Toyota Profits Boosted by Weaker Yen, Abenomics

REPLAY VIDEO
Your next video will start in
Pause

Recommended Videos

  • Info

  • Comments

  • VIDEO TEXT

Nov. 6 (Bloomberg) -- Paul Newton, automotive analyst at IHS, examines results from Toyota, the impact of a weaker Yen on profits and how the automaker fared against its competition. He speaks on Bloomberg Television’s “The Pulse.”

The yen is now 25% the valued.

-- devalued.

When you export them, it will have a massive impact.

They have also invested in electric vehicles, which have not yet taken off.

A are involved in certain markets that are not performing quite as well.

How much longer can this carry on for?

You have the yen coming down.

Is there an expectation that it will continue to be as profitable as it is?

There are some interesting contingencies.

There was an announcement that slipped under the radar about their parts-sourcing modules and making their vehicles more dynamic.

They are looking for lower central of cavity -- center of rabbit he.

They are also looking for dynamics.

You look at the styling direction that the corolla has taken combined with attempts to make their vehicles more appealing and more emotional to drive.

They are clearly aware of where they are and they have done well to come through a dreadful couple of years.

They are changing the dynamic as a company.

Who will be most affected by that in terms of the competition?

Everybody would.

They are the largest manufacturer on the planet by numbers.

They are looking at using these new dynamics for the company, this new brand statement, to really attack the more desirable brands.

Toyota has been seen as something of a -- utility, cars as white goods.

They are successful at it.

You also see a limited scope for improvement.

That is slightly under pressure because it will always be seen as utilitarian.

More dynamic cars, more dynamic styling, they are clearly looking to move up the value chain.

Fuel cells are a big part of the company's future, according to management.

Others have slightly overdone the comments, slightly more skeptical about what the technology will deliver.

When you buy a car company, are you making a bet on that kind of technology, that kind of future?

Are you want to be more careful as you look around, who is doing what?

Definitely.

The ev conversation is separate from hydrogen.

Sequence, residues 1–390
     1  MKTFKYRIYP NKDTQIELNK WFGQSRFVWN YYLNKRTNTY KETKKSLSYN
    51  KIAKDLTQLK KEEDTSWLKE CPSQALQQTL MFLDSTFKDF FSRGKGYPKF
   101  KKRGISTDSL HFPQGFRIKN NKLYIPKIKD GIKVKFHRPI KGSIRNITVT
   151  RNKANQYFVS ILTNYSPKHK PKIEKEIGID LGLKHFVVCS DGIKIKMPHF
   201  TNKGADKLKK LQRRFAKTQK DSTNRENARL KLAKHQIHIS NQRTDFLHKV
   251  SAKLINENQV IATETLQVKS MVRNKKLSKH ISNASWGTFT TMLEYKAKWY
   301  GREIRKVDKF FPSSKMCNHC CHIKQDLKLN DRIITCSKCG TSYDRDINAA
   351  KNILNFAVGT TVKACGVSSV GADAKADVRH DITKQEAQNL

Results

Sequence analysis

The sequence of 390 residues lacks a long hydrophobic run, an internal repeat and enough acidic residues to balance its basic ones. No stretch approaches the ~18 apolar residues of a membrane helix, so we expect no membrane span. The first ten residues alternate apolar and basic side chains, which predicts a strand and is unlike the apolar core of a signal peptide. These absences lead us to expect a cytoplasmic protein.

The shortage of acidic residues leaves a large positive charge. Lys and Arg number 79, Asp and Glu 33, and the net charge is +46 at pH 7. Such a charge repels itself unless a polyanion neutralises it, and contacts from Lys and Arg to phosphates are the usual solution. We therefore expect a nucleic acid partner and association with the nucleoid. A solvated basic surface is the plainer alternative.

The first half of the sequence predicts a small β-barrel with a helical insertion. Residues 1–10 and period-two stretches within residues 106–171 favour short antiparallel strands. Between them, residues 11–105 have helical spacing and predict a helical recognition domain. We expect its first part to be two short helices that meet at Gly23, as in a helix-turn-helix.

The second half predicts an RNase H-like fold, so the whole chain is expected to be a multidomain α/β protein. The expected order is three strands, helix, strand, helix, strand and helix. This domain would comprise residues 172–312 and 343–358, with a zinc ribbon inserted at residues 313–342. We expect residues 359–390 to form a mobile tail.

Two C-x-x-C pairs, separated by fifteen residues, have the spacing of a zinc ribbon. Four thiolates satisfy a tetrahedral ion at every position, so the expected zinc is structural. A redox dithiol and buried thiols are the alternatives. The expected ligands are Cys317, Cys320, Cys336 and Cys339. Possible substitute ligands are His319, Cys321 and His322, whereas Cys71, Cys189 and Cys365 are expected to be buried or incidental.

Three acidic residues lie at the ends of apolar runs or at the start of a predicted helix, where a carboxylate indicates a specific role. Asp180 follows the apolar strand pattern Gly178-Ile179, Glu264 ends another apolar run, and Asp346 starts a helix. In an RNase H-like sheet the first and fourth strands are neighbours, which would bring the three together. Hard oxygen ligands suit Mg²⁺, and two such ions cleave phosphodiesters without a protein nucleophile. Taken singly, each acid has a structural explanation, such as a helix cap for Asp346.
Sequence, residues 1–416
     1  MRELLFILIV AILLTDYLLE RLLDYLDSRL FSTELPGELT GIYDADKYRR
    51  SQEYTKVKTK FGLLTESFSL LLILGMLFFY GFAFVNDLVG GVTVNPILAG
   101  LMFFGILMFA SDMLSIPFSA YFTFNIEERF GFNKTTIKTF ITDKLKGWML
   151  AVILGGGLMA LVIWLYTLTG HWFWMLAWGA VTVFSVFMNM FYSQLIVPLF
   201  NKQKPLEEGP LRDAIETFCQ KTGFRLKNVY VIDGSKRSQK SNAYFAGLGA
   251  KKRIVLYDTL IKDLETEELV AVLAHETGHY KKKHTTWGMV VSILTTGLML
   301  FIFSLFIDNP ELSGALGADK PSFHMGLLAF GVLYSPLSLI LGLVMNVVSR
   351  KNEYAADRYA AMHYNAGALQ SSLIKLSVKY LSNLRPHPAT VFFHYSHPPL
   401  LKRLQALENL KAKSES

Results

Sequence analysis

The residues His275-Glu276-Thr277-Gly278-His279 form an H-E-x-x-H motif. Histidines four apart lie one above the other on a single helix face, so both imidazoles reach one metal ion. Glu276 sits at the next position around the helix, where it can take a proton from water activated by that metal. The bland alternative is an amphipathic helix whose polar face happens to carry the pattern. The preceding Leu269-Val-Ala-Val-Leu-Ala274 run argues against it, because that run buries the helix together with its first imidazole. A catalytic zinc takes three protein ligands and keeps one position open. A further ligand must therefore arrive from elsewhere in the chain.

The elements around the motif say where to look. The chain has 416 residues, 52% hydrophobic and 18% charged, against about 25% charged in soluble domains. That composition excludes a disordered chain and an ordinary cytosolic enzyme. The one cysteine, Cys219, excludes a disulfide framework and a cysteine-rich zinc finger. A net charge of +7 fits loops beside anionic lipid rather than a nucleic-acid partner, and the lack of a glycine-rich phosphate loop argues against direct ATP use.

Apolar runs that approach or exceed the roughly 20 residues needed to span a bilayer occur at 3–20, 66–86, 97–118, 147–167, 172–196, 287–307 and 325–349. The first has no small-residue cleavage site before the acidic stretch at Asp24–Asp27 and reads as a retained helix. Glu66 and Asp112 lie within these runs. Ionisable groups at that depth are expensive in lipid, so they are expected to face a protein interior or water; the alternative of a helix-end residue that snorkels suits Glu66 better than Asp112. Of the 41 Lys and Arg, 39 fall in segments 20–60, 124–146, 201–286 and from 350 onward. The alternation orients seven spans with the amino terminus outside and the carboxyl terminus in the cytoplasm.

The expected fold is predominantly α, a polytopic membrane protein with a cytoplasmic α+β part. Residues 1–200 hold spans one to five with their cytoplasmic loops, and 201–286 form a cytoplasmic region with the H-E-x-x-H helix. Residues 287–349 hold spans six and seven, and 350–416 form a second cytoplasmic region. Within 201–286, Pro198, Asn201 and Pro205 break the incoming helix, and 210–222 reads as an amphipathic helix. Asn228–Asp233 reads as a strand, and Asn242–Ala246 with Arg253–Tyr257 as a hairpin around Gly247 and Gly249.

Hydrogen faces enormous hurdle in terms of distribution.

The technology is reliant on fuel cells.

It is likely to only ever be in each player -- a niche player.

If they can use that as their halo product, the rest of the brand, the rest of the company benefits from that.

This is him talking about his share price.

The stock price that we have is more than we have any right to deserve.

It is not as though -- i am not going to say we deserve every penny of that.

It is more than we have to deserve.

Stocks are down premarket as we head into the u.s. trading session.

As an automotive analyst, how do you view tesla in the world of carmakers?

Incredible share price and incredible multiples.

Supply limited, cannot get enough batteries to sell these things.

How do you think about tesla in the universe of car companies?

It is something of an anomaly.

It has come from a completely -- there is no history with the brand.

The person driving it is extremely vocal, media savvy.

The company is producing what very few companies do, which is a successful and premium electric water which sells at quite a price.

The multiples, from our perspective, in terms of volumes , sales, customer base, do not stack up.

Take the valuation out.

What role does it play?

Does it act as a catalyst?

Bmw yesterday was talking about the fact that they were the peak investment into this card technology.

They are spending an awful lot of money.

Would we be as far along if tesla had not done what it has done?

They are certainly an element to that.

Bmw started a long time ago though.

They have been investing 5-7 years.

The interesting way this is developing is if you look at nissan, who are not doing terribly well, you look at tesla and bmw and the i3 is being sold out everywhere.

It is amazing.

They are bringing out i8. again, huge interest.

It seems that currently, electric cars are more for the premium buyer then the people who have a lot of disposable income to spend on an electric car that does not fulfill the traditional role of a motor vehicle in terms of personal transport.

It is interesting.

A little bit of a rethink required.

Great to see you.

Thank you for your time.

Francine, over to you.

Let's have a look at some corporate news.

Apple has released a report on the u.s. government request for information on customer accounts and devices.

The company received more than 5,500 requests this year already.

Fiorelli has cut its profit

This text has been automatically generated. It may not be 100% accurate.

Advertisement

BTV Channel Finder

Channel_finder_loader

ZIP is required for U.S. locations

Bloomberg Television in   change